First comes how to construct a drafting board and attach paper to it, followed by how to make a T square and what kind of instruments to use. Then he says, " I shall now proceed to explain some of the most useful geometrical problems, which every Carpenter ought to be acquainted with". p.4

Owen Biddle, Biddle's Young Carpenter's Assistant, Philadelphia and New York, 1805, Dover Publications reprint, 2006. This is his only book  A respected master carpenter in Philadelphia, he died in 1806.

to be continued....

Friday, August 12, 2016

2016 Preservation Trades Network Workshops, September 9-11, Clermont Farm, Berryville, Virginia

The annual gathering will be at Clermont  Farm now owned by the Commonwealth of Virginia.

Here is the link to the farm: http://www.clermontfarm.org/ Their facebook page has good pictures.
The National Barn Alliance will be there too.  On Friday there will be a barn tour - http://ptn.org/iptw-2016/barn-tour

There will be blacksmiths, lime mortar makers, timber framers, window repair people, masonry specialists, painters, roofers...

 Last year at Shelburne Farm I watched dimensional lumber come out of a log with bark, all by hand. I saw a Georgian cabinet built, and windows become like new.  The pictures are from that gathering.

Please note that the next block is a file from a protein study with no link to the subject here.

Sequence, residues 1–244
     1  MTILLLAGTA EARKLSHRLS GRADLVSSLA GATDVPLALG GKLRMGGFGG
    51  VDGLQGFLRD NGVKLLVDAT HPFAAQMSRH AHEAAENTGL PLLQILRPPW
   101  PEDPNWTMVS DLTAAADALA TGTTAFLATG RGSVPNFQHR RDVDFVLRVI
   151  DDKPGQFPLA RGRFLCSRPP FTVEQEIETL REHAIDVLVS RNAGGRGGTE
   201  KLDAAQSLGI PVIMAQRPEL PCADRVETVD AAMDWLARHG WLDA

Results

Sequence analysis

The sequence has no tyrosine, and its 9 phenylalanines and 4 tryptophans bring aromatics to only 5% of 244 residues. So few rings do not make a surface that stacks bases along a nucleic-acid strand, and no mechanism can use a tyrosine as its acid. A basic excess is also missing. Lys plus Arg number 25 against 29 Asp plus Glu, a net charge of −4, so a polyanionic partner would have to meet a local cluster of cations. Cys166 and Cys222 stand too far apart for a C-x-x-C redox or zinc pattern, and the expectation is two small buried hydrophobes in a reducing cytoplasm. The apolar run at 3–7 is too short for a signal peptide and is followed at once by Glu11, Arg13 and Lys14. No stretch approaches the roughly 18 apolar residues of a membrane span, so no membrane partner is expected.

I will be there to teach 2 sessions on
                Practical Geometry
 which, to quote Owen Biddle in 1805 "every Carpenter ought to be acquainted with".

Or more formally: "Geometry is the foundation on which practical Carpentry is based." Minard Lefever, 1833,

The sessions will be hands-on.
I will have compasses, pencils, erasers and straight edges. And drawings.
I will be helping whoever shows up see the geometry which governed framing and design for churches, mansions, houses, barns. As we uncover the geometry participants will see how design and structure come from the compass.

We will decipher brick houses in Virginia, wood frame churches in New England, houses built from 1680 to 1840. For people who want to see how much they already know I will have the plates from the first pages of the pattern books which present  "such problems in Geometry, as are absolutely necessary to the well understanding of the subject." (Asher Benjamin, 1827) Will they master the problems with a compass and a straight edge?

The pattern books of Asher Benjamin, Owen Biddle, Peter Nicholson, Minard Lefever,  will be available along with posters and handouts on Robert Adam and William Buckland.
And paper for experimenting

I demonstrate twice. There will be  plenty of opportuity for me to watch and learn from the other presenters, to explore the farm and its buildings, and talk with people. I know I will have a great time.

You can come too.